415 Cardiopulmonary Resuscitation (CPR)

Is based upon American Heart Association Guidelines and upon the training you would receive if you were to take a basic CPR course from a national organization like the American Heart Association. Although this course does not provide certification for basic CPR, it will discuss the techniques you should use if you encounter an emergency where someone is in cardiac arrest — including infants, children, and adults. This course is technical in nature and should be taken along with, or in review of, an actual instructor-led, hands-on course. This course is written to the average first responder, with additional information highlighted for persons trained as EMTs or as other healthcare providers. (1.0 CEs)

416 Medical Emergencies: Part 1

Explains the importance of immediate intervention of life-threatening illnesses or conditions, symptoms and signs of life-threatening injuries or illness, different states of consciousness, prehospital care for transport patients, steps for respiratory and cardiac emergencies, steps for poisoning and allergic reaction patients, and exposure treatment. (0.5 CEs)

417 Medical Emergencies: Part 2

Outlines quick and appropriate prehospital care for the signs and symptoms of specific problems related to shock, respiratory and cardiac failure, altered mental status, poisoning, and environmental illnesses. (1.0 CEs)

418 Behavioral Medical Emergencies

Explores the inherent dangers and causes of behavioral emergencies and how to provide emergency medical care in these cases. Therapeutic interviewing skills and documenting cases are addressed as are recognition of and special considerations for suicidal patients. The responder will also learn how to identify signals from potentially violent patients. (1.0 CEs)

419 Bleeding and Soft Tissue Injuries

Examines arterial, venous, and capillary bleeding; control of external bleeding; signs of internal bleeding and shock; care of patients experiencing internal bleeding and shock; types and care of open soft tissue injuries; care of patients with penetrating chest injuries, open wounds to the abdomen, or impaled object injuries; amputation care; care of head, mouth, nose, face, eyes, and eyelid injuries. (1.0 CEs)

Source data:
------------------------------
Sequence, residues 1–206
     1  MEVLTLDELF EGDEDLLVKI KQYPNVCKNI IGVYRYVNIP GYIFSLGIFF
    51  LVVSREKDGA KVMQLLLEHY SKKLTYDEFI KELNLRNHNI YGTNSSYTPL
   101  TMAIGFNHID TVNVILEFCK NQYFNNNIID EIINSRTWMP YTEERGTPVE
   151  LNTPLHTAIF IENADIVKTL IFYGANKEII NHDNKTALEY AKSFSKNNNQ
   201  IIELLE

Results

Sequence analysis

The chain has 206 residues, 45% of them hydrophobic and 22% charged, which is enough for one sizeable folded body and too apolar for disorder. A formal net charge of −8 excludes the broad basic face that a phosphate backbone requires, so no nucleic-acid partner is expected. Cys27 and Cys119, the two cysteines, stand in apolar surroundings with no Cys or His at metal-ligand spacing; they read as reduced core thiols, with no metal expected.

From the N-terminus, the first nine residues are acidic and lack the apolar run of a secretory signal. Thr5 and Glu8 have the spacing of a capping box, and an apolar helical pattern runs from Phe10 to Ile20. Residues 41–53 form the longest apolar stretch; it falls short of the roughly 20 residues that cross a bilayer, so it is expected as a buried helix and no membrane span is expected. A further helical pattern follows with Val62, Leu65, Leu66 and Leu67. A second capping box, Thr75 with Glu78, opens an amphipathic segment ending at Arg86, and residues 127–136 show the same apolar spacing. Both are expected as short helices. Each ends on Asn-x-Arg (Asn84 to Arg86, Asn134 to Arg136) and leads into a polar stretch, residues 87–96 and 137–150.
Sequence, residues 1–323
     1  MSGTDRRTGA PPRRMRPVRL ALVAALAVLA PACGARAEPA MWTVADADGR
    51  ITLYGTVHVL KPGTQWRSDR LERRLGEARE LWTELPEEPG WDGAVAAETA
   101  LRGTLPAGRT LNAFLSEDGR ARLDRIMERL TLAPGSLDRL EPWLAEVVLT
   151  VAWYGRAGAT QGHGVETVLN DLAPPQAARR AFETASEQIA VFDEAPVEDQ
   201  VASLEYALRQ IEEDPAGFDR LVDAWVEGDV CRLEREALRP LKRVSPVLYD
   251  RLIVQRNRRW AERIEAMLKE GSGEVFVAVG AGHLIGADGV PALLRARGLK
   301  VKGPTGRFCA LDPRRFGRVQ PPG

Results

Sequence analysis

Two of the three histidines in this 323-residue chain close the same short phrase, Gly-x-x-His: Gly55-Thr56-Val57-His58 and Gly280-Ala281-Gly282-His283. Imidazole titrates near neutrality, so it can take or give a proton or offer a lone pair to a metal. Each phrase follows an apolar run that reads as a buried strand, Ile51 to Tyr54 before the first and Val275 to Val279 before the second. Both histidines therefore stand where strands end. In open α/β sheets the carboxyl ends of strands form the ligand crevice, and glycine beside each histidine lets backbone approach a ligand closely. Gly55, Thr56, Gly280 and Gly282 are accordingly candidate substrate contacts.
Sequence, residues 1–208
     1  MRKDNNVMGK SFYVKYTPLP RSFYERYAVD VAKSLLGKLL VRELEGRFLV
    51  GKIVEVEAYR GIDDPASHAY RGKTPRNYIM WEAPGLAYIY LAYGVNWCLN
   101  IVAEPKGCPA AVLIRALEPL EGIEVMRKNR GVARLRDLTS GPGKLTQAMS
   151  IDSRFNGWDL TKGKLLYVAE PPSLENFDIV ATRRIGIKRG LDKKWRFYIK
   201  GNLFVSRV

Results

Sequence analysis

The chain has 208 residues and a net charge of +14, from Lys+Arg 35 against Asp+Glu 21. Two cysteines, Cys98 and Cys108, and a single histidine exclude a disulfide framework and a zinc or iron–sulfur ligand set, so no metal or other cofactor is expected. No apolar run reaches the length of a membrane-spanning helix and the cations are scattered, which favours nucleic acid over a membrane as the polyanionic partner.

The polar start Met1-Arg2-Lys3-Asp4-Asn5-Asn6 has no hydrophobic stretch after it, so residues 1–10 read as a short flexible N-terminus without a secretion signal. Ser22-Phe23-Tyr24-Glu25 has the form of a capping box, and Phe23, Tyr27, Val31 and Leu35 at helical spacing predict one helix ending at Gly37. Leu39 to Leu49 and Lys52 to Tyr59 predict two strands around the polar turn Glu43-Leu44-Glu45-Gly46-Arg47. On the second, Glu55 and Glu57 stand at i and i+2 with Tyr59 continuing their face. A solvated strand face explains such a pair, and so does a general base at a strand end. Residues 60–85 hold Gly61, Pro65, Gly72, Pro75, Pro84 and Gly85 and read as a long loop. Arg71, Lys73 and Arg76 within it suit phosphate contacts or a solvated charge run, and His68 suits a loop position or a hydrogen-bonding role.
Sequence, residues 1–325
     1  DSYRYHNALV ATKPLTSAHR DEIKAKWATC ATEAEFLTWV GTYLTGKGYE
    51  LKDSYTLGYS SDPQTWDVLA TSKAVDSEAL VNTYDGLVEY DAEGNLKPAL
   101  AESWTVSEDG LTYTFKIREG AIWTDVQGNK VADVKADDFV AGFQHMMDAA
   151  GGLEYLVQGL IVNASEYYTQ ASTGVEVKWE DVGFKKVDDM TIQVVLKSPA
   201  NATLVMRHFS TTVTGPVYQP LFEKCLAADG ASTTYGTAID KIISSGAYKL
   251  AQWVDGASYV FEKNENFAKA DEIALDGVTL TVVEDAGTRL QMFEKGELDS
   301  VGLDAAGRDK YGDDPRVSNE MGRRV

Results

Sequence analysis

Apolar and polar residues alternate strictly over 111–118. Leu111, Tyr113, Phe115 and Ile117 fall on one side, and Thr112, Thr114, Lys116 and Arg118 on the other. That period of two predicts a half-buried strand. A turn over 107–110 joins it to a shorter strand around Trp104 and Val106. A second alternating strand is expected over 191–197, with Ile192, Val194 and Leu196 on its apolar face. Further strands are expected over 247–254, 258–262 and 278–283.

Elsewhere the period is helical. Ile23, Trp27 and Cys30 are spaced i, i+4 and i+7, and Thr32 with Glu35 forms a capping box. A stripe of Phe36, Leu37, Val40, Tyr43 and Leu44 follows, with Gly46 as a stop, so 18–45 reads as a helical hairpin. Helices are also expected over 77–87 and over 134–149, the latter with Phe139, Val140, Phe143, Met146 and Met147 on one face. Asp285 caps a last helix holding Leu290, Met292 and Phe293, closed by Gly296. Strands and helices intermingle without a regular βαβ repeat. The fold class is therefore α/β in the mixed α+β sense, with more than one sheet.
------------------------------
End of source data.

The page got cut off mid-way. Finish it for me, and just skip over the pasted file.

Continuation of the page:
420 Burn Treatment

Addresses burn evaluation, including the Rule of Nines; self-protection when treating a burn patient; common burn agents; burn classification; characteristics of superficial and full-thickness burns; burn classification by severity; burn complications; smoke inhalation; emergency treatment for thermal, electrical and chemical burns; and emergency treatment for burns of the eyes. (1.0 CEs)

421 Bandaging and Splinting

Addresses the functions of a dressing and a bandage and the recognition of both. The course also describes the proper methods for applying each type of dressing or bandage and when to apply them. In addition, it provides the steps for applying a pressure dressing, and describes the effects of improperly applied dressings and tourniquets. This course also explains the reasons for splinting, the general rules that apply to the practice, and common splinting errors. (1.0 CEs)

422 Injuries to Muscles and Bones

Explains the function of the musculoskeletal system, differences between and open and closed extremity injury, mechanisms of musculoskeletal injuries, common musculoskeletal injuries, relationships between types of accidents and musculoskeletal injuries, emergency medical care for painful, swollen deformed extremities, and signs and symptoms for major musculoskeletal injuries. (1.0 CEs)

423 Head and Spine Injuries

Examines the mechanisms of head and spinal injuries and lists injury signs and symptoms. Assessing head and spinal injuries in both responsive and unresponsive patients is addressed as well as emergency care, including basic immobilization techniques. (1.0 CEs)

424 Emergency Childbirth

Reviews the anatomy of pregnancy and the stages of labor. Then, the course discusses the role of the first responder in emergency situations, including how they should prepare and assist the mother in delivery. Finally, it outlines the appropriate after-birth care of the mother and baby, including further emergency steps to take if complications arise. (1.0 CEs)

425 Pediatric Patient Assessment

Discusses the role of the responder during emergencies involving children and outlines several assessment techniques appropriate for children and infants, as well as for those with special needs. Techniques discussed include the PAT, TICLS, CUPS, and PGCS methods. This course also discusses appropriate ways to identify and transport young priority patients. (0.5 CEs)